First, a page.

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Mr. Mott. But that changes every year, of course. Some people have an inholding and it's very good and all of a sudden they sell it to somebody else and then they want to develop it and it becomes critical again.

But I can give you that information.

INHOLDER RIGHTS

Mr. Yates. Let me ask you another question about Santa Monica. Santa Monica in my mind is unique legislation in the re sponsibilities that are placed upon the Secretary of the Interior and the Director in dealing with local groups.

For example, one of the provisions in the law requires that-I read from P.L. 96-625, dated November 10, 1978, section 5, page 7: “The Secretary shall give full consideration"-full consideration"to the recommendations of the California Department of Parks and Recreation, the Santa Monica Mountains Commission, and the California Coastal Commission.” What does that mean, in your opinion? I don't find any reference to that particular section as I read through the debate when the bill was passed, but there was reference to the fact that there would be greater cooperation between the department and the local groups. Now, we have this language to deal with. The Secretary shall give full consideration to the recommendations of the California Department of Parks and Recreation—the use of the term "full" rather than just consideration-does that mean that you must accept the recommendations of those three groups in your administration of the parks? What does full consideration mean to you, Mr. Secretary?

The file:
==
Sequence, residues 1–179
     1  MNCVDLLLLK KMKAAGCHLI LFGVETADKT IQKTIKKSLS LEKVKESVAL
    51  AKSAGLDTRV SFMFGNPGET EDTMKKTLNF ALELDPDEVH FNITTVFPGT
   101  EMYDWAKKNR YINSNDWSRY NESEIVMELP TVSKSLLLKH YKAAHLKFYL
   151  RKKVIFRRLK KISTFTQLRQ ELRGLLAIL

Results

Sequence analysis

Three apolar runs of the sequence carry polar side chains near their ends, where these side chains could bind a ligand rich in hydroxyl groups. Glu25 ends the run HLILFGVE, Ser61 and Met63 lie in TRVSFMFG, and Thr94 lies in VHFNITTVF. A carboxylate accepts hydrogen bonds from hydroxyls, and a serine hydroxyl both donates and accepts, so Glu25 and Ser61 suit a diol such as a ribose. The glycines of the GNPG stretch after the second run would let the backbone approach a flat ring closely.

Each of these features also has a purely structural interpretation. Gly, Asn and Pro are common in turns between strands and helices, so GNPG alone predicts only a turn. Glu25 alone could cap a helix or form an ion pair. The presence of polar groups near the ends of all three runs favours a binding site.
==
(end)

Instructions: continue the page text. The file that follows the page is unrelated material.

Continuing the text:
Mr. Mott. I have not encountered a question relating to that, and I've never asked or been asked the question before. I don't know what that means.

Mr. Yates. Well, apparently it was put in there for some purpose. The purpose wasn't explained.

Mr. Mott. Mr. Chairman, they have a committee which meets on a regular basis to discuss both the operations and land acquisition within the Santa Monica Mountains. I suspect that that's referring to that committee, to keep them fully apprised of what's going on and to get their suggestions and recommendations.

Mr. Yates. Well, but that says you shall give full consideration to what they say. That's a pretty drastic phrase.